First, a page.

Parents should be always ready to listen to child/teen’s feelings, worries, fears and questions about coronavirus. Children may receive their news about coronavirus from internet, TV, home or elsewhere. They may worry that the worst may happen to them and/or their friends and loved ones. Ask children what they know and what questions they have. Parents must be always ready to correct misinformation and address their questions in age-appropriate and reassuring way.  

Parents can help children to find positive ways to express disturbing feelings such as fear and sadness. Every child has his/her own way to express emotions. Sometimes engaging in a creative activity, such as playing, and drawing can facilitate this process. Children feel relieved if they can express and communicate their disturbing feelings in a safe and supportive environment. Parents should try to make the best of the situation and focus on the positive, like increasing family time and more opportunities for activities that foster closeness and bonding.

Research shows that exposure to news programming and/or fictional media such as video games, movies, and TV shows can cause children to experience fear and anxiety. Children and teens who spend more time with social media or who sleep with mobile devices in their rooms are at greater risk for sleep problems. It is better to limit their exposure to media that focus on     negative outcomes, particularly things that child already worry about.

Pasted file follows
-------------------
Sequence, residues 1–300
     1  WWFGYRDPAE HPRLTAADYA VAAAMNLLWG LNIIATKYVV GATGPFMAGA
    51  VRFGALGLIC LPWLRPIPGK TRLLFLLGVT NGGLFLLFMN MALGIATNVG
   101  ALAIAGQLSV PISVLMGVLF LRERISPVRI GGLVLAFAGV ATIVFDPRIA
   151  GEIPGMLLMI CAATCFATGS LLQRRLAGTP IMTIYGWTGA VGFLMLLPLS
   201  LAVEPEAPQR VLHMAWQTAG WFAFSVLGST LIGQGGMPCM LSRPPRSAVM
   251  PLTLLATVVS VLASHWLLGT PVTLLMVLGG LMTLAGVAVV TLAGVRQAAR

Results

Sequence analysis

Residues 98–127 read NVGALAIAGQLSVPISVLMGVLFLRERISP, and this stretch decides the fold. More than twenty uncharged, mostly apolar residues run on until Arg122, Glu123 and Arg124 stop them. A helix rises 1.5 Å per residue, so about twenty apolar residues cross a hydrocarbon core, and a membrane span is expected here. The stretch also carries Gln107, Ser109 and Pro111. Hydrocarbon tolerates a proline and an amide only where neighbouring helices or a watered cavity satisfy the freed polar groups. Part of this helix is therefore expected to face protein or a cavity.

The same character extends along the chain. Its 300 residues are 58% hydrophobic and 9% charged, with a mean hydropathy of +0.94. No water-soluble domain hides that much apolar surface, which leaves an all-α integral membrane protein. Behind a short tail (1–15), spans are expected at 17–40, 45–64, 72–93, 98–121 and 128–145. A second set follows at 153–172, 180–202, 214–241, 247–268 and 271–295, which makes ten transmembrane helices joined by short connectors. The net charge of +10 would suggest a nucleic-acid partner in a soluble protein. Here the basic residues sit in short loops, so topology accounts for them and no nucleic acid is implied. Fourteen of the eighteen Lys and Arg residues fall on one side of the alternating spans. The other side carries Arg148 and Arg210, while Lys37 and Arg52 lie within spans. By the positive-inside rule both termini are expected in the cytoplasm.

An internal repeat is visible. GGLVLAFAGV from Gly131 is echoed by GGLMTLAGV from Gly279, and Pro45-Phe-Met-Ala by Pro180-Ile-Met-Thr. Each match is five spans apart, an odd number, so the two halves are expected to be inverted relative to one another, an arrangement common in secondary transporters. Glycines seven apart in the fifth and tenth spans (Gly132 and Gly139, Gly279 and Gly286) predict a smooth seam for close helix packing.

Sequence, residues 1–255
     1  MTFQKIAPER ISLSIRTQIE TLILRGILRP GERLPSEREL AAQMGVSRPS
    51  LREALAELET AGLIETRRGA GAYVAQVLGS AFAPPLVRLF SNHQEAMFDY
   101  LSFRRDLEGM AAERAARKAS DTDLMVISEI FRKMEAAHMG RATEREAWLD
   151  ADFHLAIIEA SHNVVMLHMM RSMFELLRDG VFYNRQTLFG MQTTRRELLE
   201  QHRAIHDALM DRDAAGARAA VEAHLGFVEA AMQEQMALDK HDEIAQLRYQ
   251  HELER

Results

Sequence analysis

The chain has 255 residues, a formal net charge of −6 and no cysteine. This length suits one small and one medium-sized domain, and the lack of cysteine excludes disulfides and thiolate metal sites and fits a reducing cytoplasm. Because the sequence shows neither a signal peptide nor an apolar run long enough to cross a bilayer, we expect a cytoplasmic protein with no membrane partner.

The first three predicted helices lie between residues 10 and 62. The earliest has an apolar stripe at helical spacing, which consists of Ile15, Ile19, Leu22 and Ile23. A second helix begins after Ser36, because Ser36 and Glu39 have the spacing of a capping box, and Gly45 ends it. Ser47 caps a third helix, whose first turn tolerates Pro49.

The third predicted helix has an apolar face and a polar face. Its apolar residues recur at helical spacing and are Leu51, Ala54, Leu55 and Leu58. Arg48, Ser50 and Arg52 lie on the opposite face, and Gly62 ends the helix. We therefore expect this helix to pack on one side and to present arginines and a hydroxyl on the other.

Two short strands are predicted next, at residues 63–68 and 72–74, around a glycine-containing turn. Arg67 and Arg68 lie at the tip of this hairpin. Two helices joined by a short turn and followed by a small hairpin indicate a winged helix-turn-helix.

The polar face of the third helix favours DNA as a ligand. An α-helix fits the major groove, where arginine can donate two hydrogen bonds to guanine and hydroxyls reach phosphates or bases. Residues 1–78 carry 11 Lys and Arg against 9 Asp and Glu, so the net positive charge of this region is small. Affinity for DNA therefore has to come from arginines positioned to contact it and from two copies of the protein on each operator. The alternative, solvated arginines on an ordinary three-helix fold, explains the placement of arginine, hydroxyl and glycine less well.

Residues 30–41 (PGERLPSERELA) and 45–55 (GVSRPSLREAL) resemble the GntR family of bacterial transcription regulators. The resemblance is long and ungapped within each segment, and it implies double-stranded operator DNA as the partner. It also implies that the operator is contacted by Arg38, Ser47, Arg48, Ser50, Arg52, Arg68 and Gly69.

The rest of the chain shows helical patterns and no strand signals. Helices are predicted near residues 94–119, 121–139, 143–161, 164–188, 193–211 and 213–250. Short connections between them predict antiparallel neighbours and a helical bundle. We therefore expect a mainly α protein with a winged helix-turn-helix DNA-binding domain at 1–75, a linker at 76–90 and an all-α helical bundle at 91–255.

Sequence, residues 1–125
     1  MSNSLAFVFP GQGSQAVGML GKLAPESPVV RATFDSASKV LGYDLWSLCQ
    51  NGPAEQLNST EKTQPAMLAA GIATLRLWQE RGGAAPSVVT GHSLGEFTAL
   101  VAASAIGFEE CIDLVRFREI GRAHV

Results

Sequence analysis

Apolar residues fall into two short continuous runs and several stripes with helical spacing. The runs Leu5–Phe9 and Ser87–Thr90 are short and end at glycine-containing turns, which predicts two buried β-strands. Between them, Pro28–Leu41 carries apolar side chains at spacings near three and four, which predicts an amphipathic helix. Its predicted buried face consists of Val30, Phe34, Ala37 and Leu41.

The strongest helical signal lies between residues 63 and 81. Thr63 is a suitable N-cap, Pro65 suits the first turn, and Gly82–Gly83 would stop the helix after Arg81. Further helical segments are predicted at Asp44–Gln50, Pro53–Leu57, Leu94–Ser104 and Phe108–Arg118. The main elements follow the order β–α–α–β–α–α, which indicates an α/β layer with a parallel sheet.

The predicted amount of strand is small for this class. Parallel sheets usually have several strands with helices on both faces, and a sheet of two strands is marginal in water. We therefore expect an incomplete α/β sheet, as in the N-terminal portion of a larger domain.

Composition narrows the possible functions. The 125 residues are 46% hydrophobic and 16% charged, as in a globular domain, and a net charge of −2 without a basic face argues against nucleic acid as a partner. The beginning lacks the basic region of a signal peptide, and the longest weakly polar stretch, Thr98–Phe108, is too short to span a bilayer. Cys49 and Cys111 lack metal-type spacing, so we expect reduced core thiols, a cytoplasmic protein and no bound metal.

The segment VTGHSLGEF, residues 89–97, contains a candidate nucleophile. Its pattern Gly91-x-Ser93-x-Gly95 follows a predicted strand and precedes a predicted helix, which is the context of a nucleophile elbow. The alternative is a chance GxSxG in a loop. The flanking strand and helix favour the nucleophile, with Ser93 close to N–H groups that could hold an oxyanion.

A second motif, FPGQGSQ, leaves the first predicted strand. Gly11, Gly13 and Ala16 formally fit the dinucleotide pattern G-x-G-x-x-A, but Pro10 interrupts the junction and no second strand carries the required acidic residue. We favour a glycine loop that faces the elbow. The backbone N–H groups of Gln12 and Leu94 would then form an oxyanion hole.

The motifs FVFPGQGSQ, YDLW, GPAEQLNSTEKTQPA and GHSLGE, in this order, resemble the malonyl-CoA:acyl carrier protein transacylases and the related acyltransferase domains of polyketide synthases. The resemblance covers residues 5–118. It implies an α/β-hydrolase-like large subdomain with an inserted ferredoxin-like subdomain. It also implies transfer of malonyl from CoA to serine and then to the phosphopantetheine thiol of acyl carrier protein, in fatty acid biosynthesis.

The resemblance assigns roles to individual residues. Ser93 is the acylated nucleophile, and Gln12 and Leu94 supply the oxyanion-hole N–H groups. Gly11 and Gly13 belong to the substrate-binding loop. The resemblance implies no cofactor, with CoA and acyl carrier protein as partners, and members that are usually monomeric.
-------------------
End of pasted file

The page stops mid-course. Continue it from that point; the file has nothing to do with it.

Emotional and behavioural changes in children are to be expected during the pandemic, as everyone adjusts to a new sense of normal. If children show an ongoing pattern of emotional or behavioural concerns ( such as nightmares, excessive focus on anxieties, increased aggression, regressive behaviours, or self-harm) that do not resolve with supports, professional help may be needed.

These are difficult times for everyone. It's important for every parent to remember they are doing their best, even if it doesn't always feel like it. Parents shouldn't put added pressure on themselves to have all the answers. It would be great if they acknowledge that and let children know that they as parent are also figuring out how to cope. There is a wide range of measures to tackle coronavirus anxiety and protect our mental health and that of our loved ones. It is important to keep in mind that this pandemic will pass and that there is always help available.

The author is a psycho-social counselor